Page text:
Migration

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7 - From Environmental Destruction to Prostitution: Migratory Flows and Impacts on Women

  • By the end of 2018, the United Nations High Commissioner on Refugees (UNHCR) estimated that there were close to 71 million people around the world forcibly displaced. Consider this: every minute in 2018, 25 people were forced to flee.
  • Migration comes as climate change is destroying more natural habitats, deeply impacting the number of people needing to flee home. Going back to the end of the 1990s, it was reported that illegal immigrants and trafficked men and women constituted 40 percent of the sex trade globally. 
  • This has a disproportionate impact on prostitution as the flow of displaced people increases - and we need to question the institutions and power that had a role in this.  As Coy, Smiley & Tyler (2019) note, “women of color and Indigenous women have written and spoken powerfully about how sex industries are built on racism and histories of colonialism” (p. 1932).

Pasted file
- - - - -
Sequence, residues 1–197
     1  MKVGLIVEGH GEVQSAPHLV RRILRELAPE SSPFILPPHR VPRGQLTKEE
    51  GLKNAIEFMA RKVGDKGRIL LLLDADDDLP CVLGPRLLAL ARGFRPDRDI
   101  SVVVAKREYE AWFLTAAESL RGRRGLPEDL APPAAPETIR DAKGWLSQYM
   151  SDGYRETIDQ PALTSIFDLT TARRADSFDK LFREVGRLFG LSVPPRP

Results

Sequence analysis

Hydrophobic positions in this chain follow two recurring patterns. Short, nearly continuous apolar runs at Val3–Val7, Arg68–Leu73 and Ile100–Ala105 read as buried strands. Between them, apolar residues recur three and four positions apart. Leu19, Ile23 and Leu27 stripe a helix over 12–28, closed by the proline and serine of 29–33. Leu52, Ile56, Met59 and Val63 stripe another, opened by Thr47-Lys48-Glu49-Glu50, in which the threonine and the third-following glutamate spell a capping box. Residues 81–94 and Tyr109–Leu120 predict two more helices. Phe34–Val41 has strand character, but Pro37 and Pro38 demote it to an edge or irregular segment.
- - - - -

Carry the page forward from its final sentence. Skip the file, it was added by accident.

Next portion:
• We need to challenge which inequalities in our society are the invisible forces that further enable prostitution. What happens on a global scale can be amplified at a local level - “displacement, homelessness, migration - create prostitution and what prostitution upholds creates them” (Razack, 1998, p. 367)”.

References:

Razack, S. (1998). Race, space, and prostitution: The making of the bourgeois subject. Can. J. Women & L.10, 338.

Coy, M., Smiley, C., & Tyler, M. (2019). Challenging the “Prostitution Problem”: Dissenting Voices, Sex Buyers, and the Myth of Neutrality in Prostitution Research. Archives of sexual behavior48(7), 1931-1935.

IPCC Fifth Assessment Report - Synthesis Report (English)

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